Have you ever wanted to know more about the wonderful and versatile calabash? I am working on making some for our online store, and am sharing traditional and alternative ways to prepare them for the purpose of creating a functional art piece of your own.
1: Find a good calabash tree. You want to find a tree that has calabash on them. Make sure to knock on the calabash and 'hear' if it sounds hard and firm. Press it in hard on the surface to see if it has any 'give'. If you can push it in at all, it is not ready. The calabash will be very thin, can bend and easily break. Let it stay on the tree to fully mature. The calabash should NOT have a lot of black lines or markings on them. When you see black spots that are rough this can indicate worms inside. These worms create built up areas inside the calabash that are solid and hard to remove. When you remove these areas, there are holes left from where the worm worked its way inside. Choose a very clean and smooth calabash. Twist it off the branch and carry in a bag where it will not get scratched up. Do not deplete the tree of all the calabash.
2. Cutting the calabash (warning - calabash stains the skin and your hands will be black/grey for days if you dont wear gloves. / anything the stain touches will be dyed)
After decades of working with calabash I find a hacksaw to be my favorite tool to cut it with. I create a line with the hacksaw lightly around the area I want to cut. It can be drawn on if you want. The easiest way to hold calabash and cut it without scratching the green surface (this leaves dark lines on it that will be permanent) is to cut/saw the calabash on some cardboard with it held between your feet. Keep turning the calabash as you cut it all the way around following your line.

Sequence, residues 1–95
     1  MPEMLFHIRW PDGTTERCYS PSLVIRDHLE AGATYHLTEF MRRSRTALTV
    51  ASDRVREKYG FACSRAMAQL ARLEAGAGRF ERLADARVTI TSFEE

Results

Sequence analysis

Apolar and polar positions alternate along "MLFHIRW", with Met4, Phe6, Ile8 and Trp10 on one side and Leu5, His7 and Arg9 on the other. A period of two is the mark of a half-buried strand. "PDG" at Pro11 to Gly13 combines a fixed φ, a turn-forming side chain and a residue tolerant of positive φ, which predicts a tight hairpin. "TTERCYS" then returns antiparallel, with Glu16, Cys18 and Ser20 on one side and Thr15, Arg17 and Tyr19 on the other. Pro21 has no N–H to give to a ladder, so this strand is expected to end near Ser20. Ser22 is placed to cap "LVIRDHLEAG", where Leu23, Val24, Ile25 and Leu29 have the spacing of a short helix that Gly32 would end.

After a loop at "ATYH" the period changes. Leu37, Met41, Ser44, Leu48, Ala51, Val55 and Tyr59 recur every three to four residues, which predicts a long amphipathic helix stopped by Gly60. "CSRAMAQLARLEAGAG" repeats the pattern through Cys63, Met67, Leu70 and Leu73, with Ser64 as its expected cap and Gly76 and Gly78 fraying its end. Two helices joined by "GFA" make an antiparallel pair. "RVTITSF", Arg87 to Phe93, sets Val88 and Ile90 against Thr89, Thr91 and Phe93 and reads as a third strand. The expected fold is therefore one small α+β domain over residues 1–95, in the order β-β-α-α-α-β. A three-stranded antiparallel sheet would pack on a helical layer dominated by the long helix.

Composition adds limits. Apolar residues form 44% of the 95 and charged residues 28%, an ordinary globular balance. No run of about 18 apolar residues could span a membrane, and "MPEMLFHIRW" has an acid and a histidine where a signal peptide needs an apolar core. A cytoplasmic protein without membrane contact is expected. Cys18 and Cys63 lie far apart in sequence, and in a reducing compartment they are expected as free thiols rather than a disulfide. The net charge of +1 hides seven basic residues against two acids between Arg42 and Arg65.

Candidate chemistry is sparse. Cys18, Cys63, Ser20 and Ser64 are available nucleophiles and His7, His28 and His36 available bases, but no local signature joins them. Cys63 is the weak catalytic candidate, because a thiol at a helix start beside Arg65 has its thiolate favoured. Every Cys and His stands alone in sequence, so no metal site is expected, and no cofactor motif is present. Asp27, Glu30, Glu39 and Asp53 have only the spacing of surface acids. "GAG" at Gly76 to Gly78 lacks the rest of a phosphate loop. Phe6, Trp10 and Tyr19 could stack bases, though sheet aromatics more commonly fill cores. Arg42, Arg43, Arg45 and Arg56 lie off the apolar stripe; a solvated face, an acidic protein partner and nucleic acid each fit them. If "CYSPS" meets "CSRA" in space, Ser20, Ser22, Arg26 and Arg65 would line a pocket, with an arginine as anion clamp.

3. Removing the pulp This part is crucial and is where the hard work comes in. Or not, - as I discovered some years ago through a mistake that turned out to be a blessing in disguise. The calabash is usually scraped out after cutting removing all the pulp and seeds. This is done with a large spoon which can be sharpened with a file for easier scraping. If every part of flesh is not scraped out the black stain residue will remain on your bowls inside surface. It takes an awful lot of scraping to not see any black stain. Till your hands are tired. BUT - i have found a better way than scraping the calabash. I left some out after they ware cut with the pulp still inside, and had to leave them for four or so days unattended. When i returned I assumed the inside would be ruined with the flesh having turned very black after being exposed to light. I was going to throw them away, but tried to scrape out one anyway. I saw it was very dry, and could pull away the flesh from the inside surface in one whole piece. Just put the spoon between flesh and inside edge and pull it off. The inside surface was totally clean and had NO black stain on it at all. This is now the way I remove the flesh. I leave it in a dry and sunny area, wait for the pulp to be black and dry, then pull it out. It produces a very clean stain free calabash without all the hard work.
STAY POSTED FOR PART TWO : The Design